• risk management plan: do you know what to do if there was an emergency? Develop a personal risk plan so you are prepared!

- identification

- communication

  • not just attack/theft (solo travel, night travel), also…
  • occupational health & safety, legal, political, environmental, health
judgement calls for risky situations
Judgement Calls for “Risky Situations”

If you wouldn’t do it at home...don’t do it away from home!

Sometimes we leave our common sense behind when we go abroad and develop a “once in a lifetime” mentality and believe “It will never happen to me!”

slide18

Blake wanted to try something extreme.

Why not now?

SMART CHOICES?

  • Ensure that the health insurance you purchase is appropriate for your personal health and for the activities you will take part in while abroad.
  • Know what will NOT be covered.
  • 2 out of 3 people make “spur of the moment decisions” while abroad and end up doing something that they regret in the end.
risk management your health
Risk Management – Your Health
  • maintain/supplement normal diet (vitamins)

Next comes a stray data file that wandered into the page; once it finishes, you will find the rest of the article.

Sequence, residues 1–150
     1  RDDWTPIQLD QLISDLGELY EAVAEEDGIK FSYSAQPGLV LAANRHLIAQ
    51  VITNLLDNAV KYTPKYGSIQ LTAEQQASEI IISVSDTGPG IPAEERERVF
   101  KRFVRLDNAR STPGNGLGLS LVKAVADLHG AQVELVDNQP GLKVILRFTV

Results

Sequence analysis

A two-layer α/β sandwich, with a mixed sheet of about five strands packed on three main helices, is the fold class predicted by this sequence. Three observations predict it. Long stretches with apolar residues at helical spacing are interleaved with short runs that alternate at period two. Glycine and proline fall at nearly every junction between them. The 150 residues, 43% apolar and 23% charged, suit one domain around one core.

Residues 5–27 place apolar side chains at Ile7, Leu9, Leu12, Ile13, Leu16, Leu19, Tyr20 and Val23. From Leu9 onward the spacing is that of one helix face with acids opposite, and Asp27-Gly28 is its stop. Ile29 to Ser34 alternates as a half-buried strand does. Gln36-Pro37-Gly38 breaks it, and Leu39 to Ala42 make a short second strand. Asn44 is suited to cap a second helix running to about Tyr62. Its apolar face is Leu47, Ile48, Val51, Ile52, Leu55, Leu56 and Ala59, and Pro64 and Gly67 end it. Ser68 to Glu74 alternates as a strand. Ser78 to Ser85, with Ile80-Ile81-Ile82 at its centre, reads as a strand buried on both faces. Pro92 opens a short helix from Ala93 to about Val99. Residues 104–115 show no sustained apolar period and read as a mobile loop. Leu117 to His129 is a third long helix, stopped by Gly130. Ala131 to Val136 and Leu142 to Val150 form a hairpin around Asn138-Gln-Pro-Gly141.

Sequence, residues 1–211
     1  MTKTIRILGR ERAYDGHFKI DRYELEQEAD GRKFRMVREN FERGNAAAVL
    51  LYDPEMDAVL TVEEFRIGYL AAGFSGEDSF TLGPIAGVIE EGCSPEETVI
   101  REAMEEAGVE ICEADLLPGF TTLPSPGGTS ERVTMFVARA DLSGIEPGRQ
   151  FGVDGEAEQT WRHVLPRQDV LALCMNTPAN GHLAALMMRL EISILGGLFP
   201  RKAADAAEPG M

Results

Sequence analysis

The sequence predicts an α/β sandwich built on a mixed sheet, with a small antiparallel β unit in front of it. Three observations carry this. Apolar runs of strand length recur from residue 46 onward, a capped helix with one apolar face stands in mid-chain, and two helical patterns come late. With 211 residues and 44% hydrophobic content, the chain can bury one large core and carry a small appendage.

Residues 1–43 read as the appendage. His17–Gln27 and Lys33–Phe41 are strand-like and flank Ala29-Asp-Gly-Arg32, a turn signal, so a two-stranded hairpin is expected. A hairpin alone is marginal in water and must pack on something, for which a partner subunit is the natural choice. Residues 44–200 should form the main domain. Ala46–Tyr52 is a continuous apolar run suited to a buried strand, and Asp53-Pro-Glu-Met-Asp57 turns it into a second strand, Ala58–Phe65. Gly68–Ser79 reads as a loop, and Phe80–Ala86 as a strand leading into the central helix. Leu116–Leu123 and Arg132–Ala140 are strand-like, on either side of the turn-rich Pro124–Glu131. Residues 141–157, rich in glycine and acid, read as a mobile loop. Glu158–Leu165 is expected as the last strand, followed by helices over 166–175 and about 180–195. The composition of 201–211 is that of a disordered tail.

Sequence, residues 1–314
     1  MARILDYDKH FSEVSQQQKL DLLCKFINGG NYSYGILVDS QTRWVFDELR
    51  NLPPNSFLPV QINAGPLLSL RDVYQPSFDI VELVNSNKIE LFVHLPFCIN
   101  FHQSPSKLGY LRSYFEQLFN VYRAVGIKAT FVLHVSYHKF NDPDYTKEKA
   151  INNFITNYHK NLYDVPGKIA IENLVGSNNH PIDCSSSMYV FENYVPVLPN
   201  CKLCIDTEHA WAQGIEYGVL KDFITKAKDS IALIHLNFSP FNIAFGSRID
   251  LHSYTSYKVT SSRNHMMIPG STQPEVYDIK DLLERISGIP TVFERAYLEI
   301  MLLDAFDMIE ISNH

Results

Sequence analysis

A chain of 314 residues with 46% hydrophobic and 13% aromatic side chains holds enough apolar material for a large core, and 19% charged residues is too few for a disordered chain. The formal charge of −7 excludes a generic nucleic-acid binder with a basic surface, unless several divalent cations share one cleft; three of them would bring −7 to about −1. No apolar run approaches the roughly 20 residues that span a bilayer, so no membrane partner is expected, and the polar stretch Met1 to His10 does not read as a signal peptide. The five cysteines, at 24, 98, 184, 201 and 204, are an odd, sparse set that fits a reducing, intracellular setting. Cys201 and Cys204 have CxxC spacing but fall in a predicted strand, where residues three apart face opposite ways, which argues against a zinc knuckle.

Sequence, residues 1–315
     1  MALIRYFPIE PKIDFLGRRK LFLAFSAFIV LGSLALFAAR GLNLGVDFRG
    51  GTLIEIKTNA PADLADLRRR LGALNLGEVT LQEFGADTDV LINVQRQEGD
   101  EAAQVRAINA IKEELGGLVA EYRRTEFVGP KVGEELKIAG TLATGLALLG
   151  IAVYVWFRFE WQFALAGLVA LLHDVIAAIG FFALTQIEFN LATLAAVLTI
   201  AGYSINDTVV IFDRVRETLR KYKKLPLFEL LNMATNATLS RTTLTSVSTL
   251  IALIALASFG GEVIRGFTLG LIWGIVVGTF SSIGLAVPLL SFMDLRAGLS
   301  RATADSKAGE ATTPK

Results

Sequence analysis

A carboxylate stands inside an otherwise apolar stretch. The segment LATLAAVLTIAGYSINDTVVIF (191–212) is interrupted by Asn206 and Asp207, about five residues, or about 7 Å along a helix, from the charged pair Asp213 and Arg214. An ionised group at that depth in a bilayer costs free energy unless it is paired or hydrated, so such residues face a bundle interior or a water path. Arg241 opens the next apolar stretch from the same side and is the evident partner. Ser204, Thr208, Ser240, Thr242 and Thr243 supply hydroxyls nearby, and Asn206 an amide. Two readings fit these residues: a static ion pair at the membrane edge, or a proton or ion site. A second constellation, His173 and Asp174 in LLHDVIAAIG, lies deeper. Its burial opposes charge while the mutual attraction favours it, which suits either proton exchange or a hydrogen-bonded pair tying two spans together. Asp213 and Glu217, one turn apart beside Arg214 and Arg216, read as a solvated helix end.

• food preparation / sourcing water
  • personal needs (plan ahead), local clinics/doctors
slide20

Richard was having a great time in Germany, especially after meeting Robin. They’ve been dating for the past 2 months. They’ve slept together only once.

slide21

Richard was having a great time in Germany, especially after meeting Robin. They’ve been dating for the past 2 months. They’ve slept together only once.

SMART CHOICES?

  • Some common Sexually Transmitted Infections: herpes, syphilis, hepatitis B, gonorrhoea, Human Papilloma Virus (HPV).
  • Consider bringing your own barrier protection and contraceptives as the standards, costs and availability in some countries can be different from that in Canada.
  • Access to health care may be limited or restricted.
sexual decision making
Sexual Decision Making

Make good decisions regarding sexual encounters.

Be wise about risky sexual situations:- don’t leave your drink unattended- if at all possible, stay with a “buddy” when at a bar- say “NO” to ANY unwanted touch or sexual advancement- know where to get condoms and practice safer sex

slide23

Greg was having fun while on his work term in Tokyo Japan when the earthquake and tsunami happened 200 km away.